Now that that's taken care of, down to business: This is a sad case, and I also agree that the woman should be allowed to choose. I already know what my wife and I would do. We would bring the child into the world, hope against hope that the child would defy all odds and live (this kind of thing has happened before), and give all the love we can to the child until it dies. Then we would bear blinding despair of seeing our child go before we do, name the child, and have the child buried in one of those tiny little caskets.

    [ May 09, 2007, 01:16: Message edited by: Drew ]
     
  15. Gnarfflinger

    Gnarfflinger Wiseguy in Training

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    I have noted that some of your past criticisms have left out some key parts. It sometimes obscures your point. The Brusque nature led to the interpretation of unwelcome as opposed to irrelevent.

    I still disagree with seperation of ethics and morality. Ethics is what's the right thing to do in a situation. Morality is a system to determine that right thing. The two are inseperably linked.

    Ironically for all the dissention between us, we still reach the same conclusion...
     
  16. Drew

    Drew Arrogant, contemptible, and obnoxious Adored Veteran

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    Completely false. If they were linked, they would always agree. Human sacrifice, for example, can be a moral action if your religion requires it. It will never, however, be ethical. Gay sex is often considered immoral, but you would be hard pressed to come even close to proving it unethical.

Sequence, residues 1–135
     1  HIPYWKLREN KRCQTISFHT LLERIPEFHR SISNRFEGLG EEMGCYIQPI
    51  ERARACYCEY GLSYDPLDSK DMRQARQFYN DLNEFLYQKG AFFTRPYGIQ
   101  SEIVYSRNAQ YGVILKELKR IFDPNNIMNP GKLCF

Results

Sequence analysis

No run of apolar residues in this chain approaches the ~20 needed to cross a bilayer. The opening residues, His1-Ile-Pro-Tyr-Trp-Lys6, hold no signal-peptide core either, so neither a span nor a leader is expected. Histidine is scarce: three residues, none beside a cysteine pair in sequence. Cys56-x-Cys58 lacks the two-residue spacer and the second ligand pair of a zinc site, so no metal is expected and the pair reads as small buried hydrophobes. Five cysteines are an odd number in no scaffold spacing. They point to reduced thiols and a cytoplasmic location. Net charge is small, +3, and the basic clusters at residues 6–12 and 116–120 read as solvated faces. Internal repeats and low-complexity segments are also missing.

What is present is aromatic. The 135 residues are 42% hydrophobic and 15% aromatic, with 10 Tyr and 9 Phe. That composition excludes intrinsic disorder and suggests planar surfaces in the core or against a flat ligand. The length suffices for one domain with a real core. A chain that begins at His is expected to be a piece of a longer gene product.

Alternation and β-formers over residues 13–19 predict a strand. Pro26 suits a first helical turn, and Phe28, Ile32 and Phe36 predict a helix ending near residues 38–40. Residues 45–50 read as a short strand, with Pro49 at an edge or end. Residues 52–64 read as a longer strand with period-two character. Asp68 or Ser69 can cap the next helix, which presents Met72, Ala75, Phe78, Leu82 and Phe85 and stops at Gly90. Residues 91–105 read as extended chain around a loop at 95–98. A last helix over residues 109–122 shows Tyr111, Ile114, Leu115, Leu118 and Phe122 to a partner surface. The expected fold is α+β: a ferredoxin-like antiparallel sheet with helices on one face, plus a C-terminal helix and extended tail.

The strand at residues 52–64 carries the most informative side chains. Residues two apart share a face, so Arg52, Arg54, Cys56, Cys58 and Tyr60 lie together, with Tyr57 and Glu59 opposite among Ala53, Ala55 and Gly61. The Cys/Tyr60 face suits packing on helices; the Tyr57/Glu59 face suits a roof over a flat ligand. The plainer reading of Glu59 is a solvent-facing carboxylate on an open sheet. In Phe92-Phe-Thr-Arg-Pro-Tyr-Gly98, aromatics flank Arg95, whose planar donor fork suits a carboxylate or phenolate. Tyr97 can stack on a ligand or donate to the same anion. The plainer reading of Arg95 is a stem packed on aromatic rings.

[ May 09, 2007, 21:33: Message edited by: Drew ]
     
  17. Blackthorne TA

    Blackthorne TA Master in his Own Mind Staff Member ★ SPS Account Holder Adored Veteran Pillars of Eternity SP Immortalizer (for helping immortalize Sorcerer's Place in the game!) New Server Contributor [2012] (for helping Sorcerer's Place lease a new, more powerful server!) Torment: Tides of Numenera SP Immortalizer (for helping immortalize Sorcerer's Place in the game!)

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    Eh? I don't think I've ever seen a definition of one that had no reference to the other. Are you implying that there is some objective set of principles called ethics defined somewhere, but any set of morals are necessarily subjective? I don't believe I would agree with that.
     
  18. Death Rabbit

    Death Rabbit Straight, no chaser Adored Veteran Torment: Tides of Numenera SP Immortalizer (for helping immortalize Sorcerer's Place in the game!)

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    Hmmm. I have to agree with BTA, and by extension, Gnarff (shudder) on this one.

    /me dons helpful person hat.

    eth·ics
    - noun